Date Published: 27 Apr, 2015
BEIJING, CHINA: Wildlife conservation non-governmental organisations based in China have pledged to forge a united front with Kenya in efforts to combat global wildlife crime.
They held a round-table meeting with a Kenya Wildlife Service goodwill delegation at the Jintai Art Museum in Beijing where they discussed how the civil society could work with governments and communities in the fight against poaching and trafficking in ivory and rhino horn.
The NGOs present included International Fund for Animal Welfare (IFAW), Freeland, Traffic, Wildlife Conservation Society (WSC) and International Union for Conservation of Nature (IUCN). This week, the KWS delegation led by the acting Director General, Mr William Kiprono, is scheduled to meet another NGO, The Nature Conservancy (TNC), to discuss ways in which social media platforms can be harnessed to create public awareness on global wildlife crime.
Mr Kiprono called on the civil society to be accountable for their resources they get for conservation work and avoid duplication of efforts. He cited IFAW East Africa, which was working with KWS in securing critical wildlife corridors and dispersal areas in Kenya, as a good example of what can be achieved when government and civil society cooperate.
“We need to talk to each other and not at each other. International criminals are not restricted to any nationalities. Let’s work together and make the best use of resources in conservation,” Mr Kiprono said.
He thanked the international community led by the Canadian Government for supporting the construction of a state-of-the-art forensic and genetic laboratory, the only one of its kind in East and Central Africa, which is planned for launch in May. He said the laboratory would not only help Kenya in prosecution of wildlife crimes but other countries in the region.
Mr Kiprono noted that conservation was an expensive enterprise yet it relied on unreliable tourism revenues. The Kenyan government is shouldering about 90 per cent of KWS conservation expenditure and requires support from international partners given that KWS tourism revenues have dropped by an estimated 60 per cent. He told the NGOs: “You should encourage more people to visit Kenya on wildlife safaris not just as part of their contribution to the conservation of iconic wildlife species but also for their own enjoyment and relaxation.”
The Kenyan embassy in China has eased travel procedures for Chinese visitors to Kenya, including allowing them to get visas on arrival at the Jomo Kenyatta International Airport in Nairobi.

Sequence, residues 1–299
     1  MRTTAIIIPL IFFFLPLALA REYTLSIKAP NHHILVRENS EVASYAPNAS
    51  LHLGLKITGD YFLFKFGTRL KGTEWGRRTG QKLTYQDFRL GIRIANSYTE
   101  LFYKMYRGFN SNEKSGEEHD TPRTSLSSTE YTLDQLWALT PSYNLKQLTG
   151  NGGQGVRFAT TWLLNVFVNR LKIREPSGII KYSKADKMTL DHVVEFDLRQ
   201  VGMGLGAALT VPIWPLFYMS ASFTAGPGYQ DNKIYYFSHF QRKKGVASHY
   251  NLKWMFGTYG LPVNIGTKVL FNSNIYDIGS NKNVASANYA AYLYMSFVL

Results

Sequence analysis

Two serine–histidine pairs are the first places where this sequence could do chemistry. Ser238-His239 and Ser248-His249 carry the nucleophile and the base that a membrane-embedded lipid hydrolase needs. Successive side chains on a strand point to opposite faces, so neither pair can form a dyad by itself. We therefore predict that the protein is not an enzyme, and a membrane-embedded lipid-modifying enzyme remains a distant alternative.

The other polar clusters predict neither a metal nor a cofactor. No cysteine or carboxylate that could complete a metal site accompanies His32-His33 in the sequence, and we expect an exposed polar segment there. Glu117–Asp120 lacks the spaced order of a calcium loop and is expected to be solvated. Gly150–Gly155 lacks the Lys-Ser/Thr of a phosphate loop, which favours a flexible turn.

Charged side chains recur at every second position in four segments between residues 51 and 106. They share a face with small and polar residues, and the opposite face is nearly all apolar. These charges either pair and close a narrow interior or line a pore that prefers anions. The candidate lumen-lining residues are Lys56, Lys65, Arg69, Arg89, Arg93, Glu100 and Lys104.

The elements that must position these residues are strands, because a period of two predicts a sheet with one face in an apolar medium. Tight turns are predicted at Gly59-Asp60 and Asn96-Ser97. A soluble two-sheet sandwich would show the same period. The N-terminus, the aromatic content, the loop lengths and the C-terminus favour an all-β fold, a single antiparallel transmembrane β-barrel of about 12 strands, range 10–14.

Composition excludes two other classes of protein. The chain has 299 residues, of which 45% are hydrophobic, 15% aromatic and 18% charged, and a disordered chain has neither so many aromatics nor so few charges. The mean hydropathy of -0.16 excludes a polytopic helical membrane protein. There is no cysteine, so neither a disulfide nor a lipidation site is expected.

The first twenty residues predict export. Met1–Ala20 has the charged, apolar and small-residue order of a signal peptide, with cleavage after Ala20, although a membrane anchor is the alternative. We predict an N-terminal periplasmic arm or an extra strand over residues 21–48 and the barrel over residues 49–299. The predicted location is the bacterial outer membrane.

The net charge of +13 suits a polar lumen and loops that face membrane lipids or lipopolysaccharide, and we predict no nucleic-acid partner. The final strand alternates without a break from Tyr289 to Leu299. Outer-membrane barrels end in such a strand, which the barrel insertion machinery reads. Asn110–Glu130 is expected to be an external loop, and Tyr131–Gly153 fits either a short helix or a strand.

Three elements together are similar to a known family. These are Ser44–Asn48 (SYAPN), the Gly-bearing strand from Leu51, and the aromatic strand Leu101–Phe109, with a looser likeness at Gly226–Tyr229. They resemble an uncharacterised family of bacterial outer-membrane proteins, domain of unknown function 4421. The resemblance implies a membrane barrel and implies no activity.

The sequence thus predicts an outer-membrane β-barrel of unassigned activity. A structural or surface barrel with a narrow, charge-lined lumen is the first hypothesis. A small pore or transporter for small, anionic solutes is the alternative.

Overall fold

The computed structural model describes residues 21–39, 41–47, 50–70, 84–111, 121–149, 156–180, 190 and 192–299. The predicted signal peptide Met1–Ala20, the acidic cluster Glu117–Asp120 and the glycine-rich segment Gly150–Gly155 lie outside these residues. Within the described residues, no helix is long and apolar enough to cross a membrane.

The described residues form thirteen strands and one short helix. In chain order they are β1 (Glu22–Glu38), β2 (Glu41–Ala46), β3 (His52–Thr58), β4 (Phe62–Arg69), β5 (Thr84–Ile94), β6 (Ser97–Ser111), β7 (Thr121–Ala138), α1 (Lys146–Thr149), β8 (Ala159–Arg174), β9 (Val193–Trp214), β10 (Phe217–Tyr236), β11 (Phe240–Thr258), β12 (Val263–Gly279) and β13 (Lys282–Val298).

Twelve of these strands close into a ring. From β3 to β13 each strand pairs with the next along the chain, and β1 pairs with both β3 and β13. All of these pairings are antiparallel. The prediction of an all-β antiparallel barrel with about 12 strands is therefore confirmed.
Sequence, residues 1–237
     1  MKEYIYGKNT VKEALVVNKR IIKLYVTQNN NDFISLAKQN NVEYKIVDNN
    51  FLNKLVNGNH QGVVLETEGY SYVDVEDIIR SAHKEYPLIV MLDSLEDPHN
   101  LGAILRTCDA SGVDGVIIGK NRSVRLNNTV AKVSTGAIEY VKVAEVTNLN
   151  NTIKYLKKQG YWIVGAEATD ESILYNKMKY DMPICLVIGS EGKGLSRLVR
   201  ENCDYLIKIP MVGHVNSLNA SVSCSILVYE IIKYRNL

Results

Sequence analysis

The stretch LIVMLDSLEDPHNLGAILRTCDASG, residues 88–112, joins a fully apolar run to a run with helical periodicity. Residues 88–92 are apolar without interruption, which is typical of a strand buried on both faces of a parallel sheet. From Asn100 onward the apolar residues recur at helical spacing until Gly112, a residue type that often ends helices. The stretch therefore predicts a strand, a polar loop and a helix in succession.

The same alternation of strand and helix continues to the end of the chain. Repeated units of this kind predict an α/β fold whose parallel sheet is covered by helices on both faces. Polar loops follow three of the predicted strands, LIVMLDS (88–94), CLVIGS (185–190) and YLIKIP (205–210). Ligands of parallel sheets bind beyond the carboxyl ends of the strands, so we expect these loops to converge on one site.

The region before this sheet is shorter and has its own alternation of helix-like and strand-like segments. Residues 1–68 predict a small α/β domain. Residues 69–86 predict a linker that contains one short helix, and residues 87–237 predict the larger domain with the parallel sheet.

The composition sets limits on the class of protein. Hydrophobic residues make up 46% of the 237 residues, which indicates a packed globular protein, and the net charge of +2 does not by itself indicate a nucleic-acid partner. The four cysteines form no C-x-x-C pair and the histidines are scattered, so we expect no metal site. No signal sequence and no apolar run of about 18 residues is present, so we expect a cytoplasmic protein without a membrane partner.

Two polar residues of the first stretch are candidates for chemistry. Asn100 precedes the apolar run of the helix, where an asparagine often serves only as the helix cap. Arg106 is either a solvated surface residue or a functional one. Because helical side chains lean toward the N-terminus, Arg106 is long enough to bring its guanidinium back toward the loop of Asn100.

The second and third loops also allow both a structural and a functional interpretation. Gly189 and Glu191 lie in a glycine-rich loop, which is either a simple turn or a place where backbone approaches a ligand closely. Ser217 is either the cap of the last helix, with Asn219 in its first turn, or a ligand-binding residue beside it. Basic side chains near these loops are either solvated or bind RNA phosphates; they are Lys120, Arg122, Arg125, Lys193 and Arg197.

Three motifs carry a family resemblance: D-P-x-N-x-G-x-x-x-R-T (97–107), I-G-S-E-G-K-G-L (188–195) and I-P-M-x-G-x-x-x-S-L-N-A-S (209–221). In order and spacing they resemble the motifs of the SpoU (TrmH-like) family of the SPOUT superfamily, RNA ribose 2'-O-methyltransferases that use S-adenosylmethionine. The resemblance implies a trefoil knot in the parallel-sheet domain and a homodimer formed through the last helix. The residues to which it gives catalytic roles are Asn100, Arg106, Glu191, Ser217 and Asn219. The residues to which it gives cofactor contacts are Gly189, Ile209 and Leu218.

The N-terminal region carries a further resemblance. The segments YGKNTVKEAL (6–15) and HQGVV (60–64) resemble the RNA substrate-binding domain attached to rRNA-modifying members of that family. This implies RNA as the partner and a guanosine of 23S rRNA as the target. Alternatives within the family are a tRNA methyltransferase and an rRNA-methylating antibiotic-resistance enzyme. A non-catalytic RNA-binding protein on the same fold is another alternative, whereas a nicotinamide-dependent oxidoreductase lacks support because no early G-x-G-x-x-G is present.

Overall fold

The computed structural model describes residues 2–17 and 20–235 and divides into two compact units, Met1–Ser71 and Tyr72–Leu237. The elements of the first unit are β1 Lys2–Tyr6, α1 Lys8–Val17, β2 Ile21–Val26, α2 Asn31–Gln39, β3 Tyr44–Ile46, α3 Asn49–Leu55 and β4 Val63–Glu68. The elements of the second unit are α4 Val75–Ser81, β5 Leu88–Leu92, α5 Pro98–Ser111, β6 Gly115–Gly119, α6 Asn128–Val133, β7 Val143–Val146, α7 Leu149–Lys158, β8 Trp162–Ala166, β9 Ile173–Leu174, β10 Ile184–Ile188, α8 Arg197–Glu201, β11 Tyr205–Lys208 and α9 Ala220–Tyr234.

Other efforts by Kenya Tourist Board (KTB), KWS and other key players in the industry to encourage Chinese tourists to visit Kenya include translating promotional materials into Mandarin, training Kenyan tour operators in Chinese culture and languages in Confucius institutes and devising more innovative ways of improving visitor experience.
Many countries targeting Chinese tourists have been conducting surveys on their preferences in hotel cuisine and shopping patterns to figure out how to attract them in a more sustainable way.
KTB has also requested Chinese authorities to be allowed to hold promotional events in zoos and sanctuaries for potential visitors to be encouraged to visit wild animals in their natural habitats in Kenya.
Last year, Kenya was granted the “Approved Destination Status” by the Chinese government. About 10 years earlier, KTB and the China National Tourism Administration Bureau signed a memorandum of understanding on the implementation of a plan for organised group travel by Chinese to Kenya.
Lately, China has emerged as an important potential source of high net worth tourists for Kenya as visitors from the traditional western tourist markets decline.
About 40,000 tourists from China visit Kenya per year, pushing the Asian country to top ten source markets for Kenya globally and the largest source market in Asia. KTB projects the figure to grow steadily in the coming years, hitting 100,000 market next year, though still a negligible fraction of the estimated 100 million outward-bound Chinese tourists.